I’ve written before about the peculiarities of ASP.NET MVC validation. It’s a great technology 90% of the time, but can cause issues if you do something a little out of the ordinary. I came across another one of these unusual circumstances recently when I was testing my development version of CocktailsRUs.
I was running through the site checking that upgrading to the latest version of jQuery Mobile hadn’t broken anything when I noticed something interesting – on one page, the validation ran but nothing visual happened to show that it had done so. The validation worked – the page did not submit – but there was nothing to tell the user what had happened.
It turned out there were two issues. One was a twist on the ASP.NET MVC validation issues I mentioned in that earlier post. The other was specific to jQuery Mobile.
Here is a screenshot of the jQuery Mobile page AFTER the validation has run. As you can see – it is not very helpful:
So I took a look at the same functionality in the normal Web view, and the result is a little different – but still not what it is supposed to be:
So I had two problems, not one: the highlighting wasn’t working in the mobile version, and the message wasn’t working in either. Time to do a little digging….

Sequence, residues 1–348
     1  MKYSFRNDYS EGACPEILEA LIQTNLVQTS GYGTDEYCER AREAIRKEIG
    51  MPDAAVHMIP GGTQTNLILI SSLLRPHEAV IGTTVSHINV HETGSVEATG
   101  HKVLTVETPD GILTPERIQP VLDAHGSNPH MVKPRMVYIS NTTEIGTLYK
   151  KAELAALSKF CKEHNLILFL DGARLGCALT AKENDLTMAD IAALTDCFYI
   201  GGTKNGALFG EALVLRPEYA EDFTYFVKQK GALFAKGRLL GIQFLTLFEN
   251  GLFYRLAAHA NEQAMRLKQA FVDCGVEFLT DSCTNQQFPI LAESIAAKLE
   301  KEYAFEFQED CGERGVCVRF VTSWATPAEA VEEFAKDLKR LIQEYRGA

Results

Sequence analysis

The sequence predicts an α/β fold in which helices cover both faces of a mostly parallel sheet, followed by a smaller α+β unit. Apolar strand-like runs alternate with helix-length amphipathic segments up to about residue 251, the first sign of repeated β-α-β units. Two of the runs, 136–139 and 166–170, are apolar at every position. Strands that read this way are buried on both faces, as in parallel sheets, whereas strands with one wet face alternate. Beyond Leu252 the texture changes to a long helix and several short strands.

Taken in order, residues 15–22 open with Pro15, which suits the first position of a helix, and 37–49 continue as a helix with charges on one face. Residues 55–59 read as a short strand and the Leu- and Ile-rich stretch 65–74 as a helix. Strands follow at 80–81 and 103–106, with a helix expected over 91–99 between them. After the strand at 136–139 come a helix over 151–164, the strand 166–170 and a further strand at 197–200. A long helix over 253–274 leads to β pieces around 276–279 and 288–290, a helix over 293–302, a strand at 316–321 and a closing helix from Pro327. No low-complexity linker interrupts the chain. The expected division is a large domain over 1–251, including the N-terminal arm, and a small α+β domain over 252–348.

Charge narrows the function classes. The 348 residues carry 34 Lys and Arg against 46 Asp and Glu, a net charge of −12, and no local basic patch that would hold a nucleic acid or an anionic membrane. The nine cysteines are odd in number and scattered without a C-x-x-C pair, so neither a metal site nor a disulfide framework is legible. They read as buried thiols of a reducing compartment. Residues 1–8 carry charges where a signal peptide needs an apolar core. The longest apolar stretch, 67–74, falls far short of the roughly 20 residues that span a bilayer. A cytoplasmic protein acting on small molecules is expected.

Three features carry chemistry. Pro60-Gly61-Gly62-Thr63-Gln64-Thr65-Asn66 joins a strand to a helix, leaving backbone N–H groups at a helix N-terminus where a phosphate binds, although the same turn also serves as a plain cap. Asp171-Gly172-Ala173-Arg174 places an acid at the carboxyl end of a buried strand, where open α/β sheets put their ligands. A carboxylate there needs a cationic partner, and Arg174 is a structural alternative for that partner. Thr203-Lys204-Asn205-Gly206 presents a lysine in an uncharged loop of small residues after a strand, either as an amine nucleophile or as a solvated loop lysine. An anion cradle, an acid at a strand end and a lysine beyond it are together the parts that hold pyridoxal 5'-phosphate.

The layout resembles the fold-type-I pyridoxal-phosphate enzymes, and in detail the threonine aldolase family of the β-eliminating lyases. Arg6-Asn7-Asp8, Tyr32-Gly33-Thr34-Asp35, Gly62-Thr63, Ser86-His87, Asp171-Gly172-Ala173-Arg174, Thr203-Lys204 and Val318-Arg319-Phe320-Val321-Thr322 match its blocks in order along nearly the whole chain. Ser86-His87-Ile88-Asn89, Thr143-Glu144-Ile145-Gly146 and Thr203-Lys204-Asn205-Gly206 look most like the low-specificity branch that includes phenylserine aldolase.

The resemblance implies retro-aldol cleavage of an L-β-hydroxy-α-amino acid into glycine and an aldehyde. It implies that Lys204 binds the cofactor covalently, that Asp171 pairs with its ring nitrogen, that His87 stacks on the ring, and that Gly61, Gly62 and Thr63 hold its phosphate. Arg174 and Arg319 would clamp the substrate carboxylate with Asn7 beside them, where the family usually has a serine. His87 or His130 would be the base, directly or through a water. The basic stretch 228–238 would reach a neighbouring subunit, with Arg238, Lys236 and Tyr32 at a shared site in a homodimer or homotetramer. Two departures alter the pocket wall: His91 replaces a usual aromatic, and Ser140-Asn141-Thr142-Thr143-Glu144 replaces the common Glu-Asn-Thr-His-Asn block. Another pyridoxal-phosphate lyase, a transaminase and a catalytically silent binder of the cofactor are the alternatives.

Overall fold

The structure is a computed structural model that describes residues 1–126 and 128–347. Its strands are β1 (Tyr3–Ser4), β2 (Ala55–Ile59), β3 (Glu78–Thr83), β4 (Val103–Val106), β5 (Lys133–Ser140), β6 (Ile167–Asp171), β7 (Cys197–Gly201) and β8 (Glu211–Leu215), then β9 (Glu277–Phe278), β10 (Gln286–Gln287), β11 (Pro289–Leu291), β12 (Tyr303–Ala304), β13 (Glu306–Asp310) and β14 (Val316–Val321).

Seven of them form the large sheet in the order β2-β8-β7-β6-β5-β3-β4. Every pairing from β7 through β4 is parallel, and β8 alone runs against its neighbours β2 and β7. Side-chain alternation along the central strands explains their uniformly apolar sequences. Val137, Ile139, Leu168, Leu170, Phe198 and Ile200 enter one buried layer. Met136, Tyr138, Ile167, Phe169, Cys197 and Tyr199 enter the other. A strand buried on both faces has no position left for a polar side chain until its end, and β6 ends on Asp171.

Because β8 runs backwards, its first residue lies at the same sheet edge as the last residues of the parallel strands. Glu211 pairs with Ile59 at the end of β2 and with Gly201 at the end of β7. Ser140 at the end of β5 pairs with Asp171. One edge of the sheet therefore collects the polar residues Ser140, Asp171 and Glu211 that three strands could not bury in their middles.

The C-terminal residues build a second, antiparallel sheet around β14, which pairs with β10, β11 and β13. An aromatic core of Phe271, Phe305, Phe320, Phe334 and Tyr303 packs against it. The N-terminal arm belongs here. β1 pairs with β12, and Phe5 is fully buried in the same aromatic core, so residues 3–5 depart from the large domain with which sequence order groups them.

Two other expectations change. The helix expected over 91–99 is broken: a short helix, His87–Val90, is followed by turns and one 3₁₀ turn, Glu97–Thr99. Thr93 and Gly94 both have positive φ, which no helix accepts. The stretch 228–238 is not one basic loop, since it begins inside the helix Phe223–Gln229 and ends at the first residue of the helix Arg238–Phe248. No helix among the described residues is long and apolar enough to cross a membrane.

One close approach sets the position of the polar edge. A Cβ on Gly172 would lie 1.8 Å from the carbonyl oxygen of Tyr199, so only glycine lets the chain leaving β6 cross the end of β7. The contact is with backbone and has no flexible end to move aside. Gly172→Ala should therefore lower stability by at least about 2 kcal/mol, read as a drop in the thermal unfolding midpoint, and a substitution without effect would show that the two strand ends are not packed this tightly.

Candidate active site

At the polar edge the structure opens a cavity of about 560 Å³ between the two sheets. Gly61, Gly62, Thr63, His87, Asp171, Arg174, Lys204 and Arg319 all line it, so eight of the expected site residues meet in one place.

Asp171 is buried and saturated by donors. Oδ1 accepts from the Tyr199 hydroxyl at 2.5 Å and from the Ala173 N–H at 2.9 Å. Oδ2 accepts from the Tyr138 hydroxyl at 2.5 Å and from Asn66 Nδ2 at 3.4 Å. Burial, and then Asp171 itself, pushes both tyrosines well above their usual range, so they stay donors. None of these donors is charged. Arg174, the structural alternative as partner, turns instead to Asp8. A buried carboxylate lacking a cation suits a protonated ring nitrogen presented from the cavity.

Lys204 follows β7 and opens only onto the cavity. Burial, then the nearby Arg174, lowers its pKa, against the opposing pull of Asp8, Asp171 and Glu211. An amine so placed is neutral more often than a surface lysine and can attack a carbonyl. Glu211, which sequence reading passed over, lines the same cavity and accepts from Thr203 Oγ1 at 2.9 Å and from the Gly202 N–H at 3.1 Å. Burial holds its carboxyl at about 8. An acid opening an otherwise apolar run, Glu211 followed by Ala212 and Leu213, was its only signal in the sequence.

Here is the code inside the .cshtml page:
The element and the validation attributes have been hard-coded to get around ASP.NET MVC’s problems with validation and repeating forms. Those problems stem from the fact that ASP.NET MVC uses IDs instead of name attributes to hook up validation. This time, however, the problem is that when it comes to displaying the result of the validation, it DOES use name attributes – and you’ll notice that in the code sample above, the “name” does not match the (case-sensitive) “Name” model property in the ValidationMessageFor() method.
So I changed the name attribute value to match the model property…
And now we have a validation message:
But it’s still not quite right – unlike the Web view, where both highlighting and text are visible:
So what’s going on with the search element in jQuery Mobile? We have a working label, but the input itself doesn’t have the usual CSS look and feel to highlight the error. In this case, the problem lies in the way that jQuery Mobile creates the search box.
It turns out that that the “search” input is being converted to a text input, given a wrapping div and (unsurprisingly) all sorts of CSS decoration.
The upshot is that the standard MVC CSS validation classes can’t compete and are overridden.
So how to fix it? By tweaking the CSS to make the ASP.NET MVC CSS classes more powerful. In this case, I am only using the search type with a very small number of IDs – so I added CSS rules specific to those IDS…
And the problem went away:
So – back to coding… until the next interesting little niggle comes along.
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